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3 questions with Wen Lee, co-owner of Honey Buns 

Where to find sweet and savory bao

Americans have a history of appropriating other cultures' cuisines and making them our own (see flavored hummus and breakfast burritos). Wen Lee and her husband, Chung Huang, are prime examples. This past spring, the couple opened a second location for their counter shop, Honey Buns, inside the Super G Mart, an international grocery store on East Independence Boulevard (the first one launched in Durham). Here, you can find bao — white, fluffy buns native to China — that range from sweet to savory to suit the tastes of the couple's Korean and Vietnamese customers. But don't expect any buns sweetened with honey. When asked why they chose the name Honey Buns, Lee coyly replies, "Well, my husband's the cook, so my honey makes the buns!"

Creative Loafing: Honey Buns takes after a shop your father opened in Taiwan. Have there been any changes to his business model with the new stores?

Wen Lee: We've had to make some changes. For example, the flour we use is different, since Americans prefer the skin of the bun to be sweet, which is not as common in Taiwan. Many of our ingredients, especially our vegetables, we get locally. Our flour, however, has to be shipped in from New York. We also had some issues with our steamer — the Health Department didn't want to approve the bamboo steamer. They wanted us to only use a stainless steel one, but that tends to leave the buns soggier. They finally approved it, but not without a fight.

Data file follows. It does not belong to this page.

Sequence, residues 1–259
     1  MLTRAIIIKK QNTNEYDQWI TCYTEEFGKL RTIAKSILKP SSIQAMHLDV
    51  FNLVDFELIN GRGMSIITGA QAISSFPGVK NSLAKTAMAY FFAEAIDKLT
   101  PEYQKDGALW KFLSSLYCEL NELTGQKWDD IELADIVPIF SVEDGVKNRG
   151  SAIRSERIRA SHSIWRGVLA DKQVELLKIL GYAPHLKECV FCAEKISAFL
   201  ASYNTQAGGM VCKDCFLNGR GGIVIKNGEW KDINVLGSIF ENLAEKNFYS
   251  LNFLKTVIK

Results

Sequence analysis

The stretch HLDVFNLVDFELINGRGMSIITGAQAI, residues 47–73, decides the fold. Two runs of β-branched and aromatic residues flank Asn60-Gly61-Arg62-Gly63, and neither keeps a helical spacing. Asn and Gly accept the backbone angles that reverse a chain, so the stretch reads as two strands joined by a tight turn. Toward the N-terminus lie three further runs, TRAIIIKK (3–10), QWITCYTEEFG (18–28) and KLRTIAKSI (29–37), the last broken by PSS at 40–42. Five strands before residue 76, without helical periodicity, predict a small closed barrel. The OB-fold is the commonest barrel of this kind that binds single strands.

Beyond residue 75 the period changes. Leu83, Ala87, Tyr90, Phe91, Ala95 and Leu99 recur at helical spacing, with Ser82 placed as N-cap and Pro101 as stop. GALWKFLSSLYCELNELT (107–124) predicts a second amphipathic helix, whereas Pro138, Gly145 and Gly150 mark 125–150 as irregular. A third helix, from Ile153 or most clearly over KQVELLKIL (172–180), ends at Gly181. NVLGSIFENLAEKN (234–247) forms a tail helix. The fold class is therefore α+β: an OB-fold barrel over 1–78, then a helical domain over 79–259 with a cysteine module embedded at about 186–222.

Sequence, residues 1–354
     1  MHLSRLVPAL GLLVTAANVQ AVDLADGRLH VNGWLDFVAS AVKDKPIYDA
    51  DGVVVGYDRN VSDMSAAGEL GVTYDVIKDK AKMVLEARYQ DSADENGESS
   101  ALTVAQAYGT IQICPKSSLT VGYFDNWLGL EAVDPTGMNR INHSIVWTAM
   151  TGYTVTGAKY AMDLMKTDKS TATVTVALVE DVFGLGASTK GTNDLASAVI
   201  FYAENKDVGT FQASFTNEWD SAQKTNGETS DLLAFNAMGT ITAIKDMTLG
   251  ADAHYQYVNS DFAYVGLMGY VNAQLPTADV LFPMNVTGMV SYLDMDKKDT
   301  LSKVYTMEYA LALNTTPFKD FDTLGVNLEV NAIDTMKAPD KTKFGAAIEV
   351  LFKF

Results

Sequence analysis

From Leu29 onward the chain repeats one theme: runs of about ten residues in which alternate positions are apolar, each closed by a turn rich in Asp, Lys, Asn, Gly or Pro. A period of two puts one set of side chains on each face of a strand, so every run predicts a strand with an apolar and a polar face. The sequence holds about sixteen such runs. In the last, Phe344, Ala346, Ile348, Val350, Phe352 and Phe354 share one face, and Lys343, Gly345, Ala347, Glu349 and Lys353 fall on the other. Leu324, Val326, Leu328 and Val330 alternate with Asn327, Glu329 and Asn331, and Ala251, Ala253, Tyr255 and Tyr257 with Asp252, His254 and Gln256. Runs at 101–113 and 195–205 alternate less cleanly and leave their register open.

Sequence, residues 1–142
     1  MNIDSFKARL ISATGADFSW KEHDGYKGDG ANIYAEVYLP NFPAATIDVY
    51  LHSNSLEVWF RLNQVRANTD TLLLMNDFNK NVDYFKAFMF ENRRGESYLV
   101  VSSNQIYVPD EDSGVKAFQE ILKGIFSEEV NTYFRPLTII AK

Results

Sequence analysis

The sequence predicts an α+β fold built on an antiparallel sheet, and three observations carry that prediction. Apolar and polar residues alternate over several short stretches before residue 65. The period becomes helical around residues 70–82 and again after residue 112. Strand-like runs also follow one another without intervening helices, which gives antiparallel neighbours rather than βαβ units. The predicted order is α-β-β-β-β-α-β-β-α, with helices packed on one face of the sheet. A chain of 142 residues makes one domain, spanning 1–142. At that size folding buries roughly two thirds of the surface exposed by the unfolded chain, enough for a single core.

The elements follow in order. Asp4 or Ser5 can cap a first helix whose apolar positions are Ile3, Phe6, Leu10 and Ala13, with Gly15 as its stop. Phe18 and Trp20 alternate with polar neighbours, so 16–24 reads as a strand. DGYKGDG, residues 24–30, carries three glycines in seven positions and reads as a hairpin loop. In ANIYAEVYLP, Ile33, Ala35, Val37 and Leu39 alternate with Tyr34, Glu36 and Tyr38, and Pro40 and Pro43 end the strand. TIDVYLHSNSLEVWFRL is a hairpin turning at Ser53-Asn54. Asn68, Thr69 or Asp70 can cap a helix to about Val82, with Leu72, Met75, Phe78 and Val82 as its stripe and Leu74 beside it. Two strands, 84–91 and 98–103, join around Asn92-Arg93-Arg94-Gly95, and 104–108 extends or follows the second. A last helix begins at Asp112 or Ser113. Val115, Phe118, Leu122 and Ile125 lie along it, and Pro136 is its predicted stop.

Since your store is located in a market that draws people of all backgrounds, how do you help customers who might not be familiar with bao choose what to order?

There have been some patterns. Since so many of our customers are Vietnamese and Korean, we prepare what they prefer. When my husband came to Charlotte, he worked with Koreans and Vietnamese to learn how to cook in their styles. Korean customers tend to prefer vegetarian filings, while the Vietnamese seem to like meat more. People are generally willing to try new things, but some recipes haven't translated here. My father used to make a bun in Taiwan that is my favorite: a steamed plain bun that is then fried so that it's hard on the outside and soft on the inside. It's popular in Taiwan but not here, although customers can special order them.

Since your husband handles the kitchen duties, what's your main role in the shop?

I work with customers a lot. I love it when we're busy, and I can talk to so many different people. I'm a bubbly person. Once, both me and my daughter took a quiz online to see what our real ages were. My daughter scored as being in her forties and I was told I was 18 years old. I guess it makes sense.

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